Meter readers battle freezing temps and snow to work outdoors

Meter readers battle freezing temps and snow to work outdoors

The US Postal Service with the abbreviated motto "neither snow nor rain will keep couriers from their appointed rounds" has nothing on these meter readers, making their rounds in 9 degree temperatures.

"In the extreme cold, when the wind starts blowing there is not a whole lot you can do, it just sucks the heat right out of you," says Greg Hakenson, a First Energy Meter Reader.

 Problem is, when it's this cold the customer will likely pay more and here's one reason why.  

"Your furnace is on longer, lights are on longer, folks stay home," says Hakenson.

Another reason why is that the snow and wind drifts can cut off access to meters. So some utilities like First Energy will average a customer's current bill based on past usage, meaning the next bill might be higher than normal.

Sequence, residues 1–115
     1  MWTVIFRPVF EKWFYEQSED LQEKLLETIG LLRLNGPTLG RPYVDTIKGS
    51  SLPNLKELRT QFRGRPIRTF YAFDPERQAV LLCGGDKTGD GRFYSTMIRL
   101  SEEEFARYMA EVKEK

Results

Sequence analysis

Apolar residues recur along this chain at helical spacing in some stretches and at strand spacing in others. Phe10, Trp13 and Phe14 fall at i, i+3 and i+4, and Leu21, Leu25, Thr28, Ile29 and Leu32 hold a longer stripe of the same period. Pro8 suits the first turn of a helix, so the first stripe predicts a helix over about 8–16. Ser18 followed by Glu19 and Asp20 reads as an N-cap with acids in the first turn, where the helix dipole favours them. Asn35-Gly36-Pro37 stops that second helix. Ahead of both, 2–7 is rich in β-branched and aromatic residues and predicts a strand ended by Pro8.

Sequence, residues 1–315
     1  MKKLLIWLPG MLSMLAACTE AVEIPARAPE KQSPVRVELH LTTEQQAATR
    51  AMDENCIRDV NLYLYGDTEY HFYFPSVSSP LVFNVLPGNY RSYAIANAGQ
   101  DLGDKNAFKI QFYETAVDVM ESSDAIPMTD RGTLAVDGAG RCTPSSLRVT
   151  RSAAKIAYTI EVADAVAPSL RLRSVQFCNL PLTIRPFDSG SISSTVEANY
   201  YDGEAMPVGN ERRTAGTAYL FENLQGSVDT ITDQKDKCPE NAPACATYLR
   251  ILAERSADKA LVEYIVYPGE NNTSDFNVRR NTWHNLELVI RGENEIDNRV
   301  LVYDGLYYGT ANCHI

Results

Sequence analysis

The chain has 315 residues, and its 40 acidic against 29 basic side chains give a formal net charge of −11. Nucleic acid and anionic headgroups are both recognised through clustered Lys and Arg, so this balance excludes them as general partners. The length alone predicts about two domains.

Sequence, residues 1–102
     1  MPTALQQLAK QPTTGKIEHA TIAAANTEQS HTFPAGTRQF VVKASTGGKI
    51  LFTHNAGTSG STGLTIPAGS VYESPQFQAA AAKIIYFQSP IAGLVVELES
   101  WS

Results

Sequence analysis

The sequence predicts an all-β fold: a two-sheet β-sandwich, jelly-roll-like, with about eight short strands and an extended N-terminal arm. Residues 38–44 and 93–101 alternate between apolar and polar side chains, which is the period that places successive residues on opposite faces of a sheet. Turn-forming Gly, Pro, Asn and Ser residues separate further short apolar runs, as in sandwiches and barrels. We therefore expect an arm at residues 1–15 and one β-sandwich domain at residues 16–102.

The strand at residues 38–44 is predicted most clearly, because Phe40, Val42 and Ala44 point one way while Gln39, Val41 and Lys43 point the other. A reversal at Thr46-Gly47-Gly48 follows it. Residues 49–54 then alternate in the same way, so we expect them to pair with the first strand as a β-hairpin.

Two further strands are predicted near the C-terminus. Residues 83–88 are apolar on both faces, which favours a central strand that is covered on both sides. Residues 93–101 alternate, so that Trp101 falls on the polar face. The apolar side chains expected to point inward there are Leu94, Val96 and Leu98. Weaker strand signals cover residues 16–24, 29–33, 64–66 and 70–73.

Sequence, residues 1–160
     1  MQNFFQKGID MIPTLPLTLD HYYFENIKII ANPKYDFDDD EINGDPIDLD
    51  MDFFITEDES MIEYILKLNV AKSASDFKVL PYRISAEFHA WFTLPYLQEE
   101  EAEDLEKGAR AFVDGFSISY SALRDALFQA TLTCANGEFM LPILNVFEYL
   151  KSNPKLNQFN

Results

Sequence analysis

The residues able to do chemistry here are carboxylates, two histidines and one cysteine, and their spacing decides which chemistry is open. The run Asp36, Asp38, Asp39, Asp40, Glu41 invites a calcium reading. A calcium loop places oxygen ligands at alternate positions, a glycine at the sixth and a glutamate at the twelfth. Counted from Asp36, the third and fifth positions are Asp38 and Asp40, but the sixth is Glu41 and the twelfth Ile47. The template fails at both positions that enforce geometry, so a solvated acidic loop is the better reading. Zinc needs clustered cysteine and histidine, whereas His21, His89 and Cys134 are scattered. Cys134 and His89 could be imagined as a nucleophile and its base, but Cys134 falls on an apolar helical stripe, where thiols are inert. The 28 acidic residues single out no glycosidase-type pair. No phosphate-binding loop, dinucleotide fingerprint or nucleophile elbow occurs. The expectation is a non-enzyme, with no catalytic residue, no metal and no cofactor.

"It could be higher or lower until it finally averages itself out," says Hakenson.

Toys which are left in the yard, now buried in the snow, become hazards. And never mind frostbite, a dog bite won't even be considered.  Chomper here is chained to close to read this meter.

"In the summer a meter reader can cover up to 15 miles a day, they won't even come close to that in this weather. We're talking about maybe four or five miles as opposed to maybe 10 or 15 miles in the summer." says Hakenson.

There are 48 meter readers that check some 740,000 customers in Greater Cleveland, a job made even more demanding by the deep snow and bitter cold.

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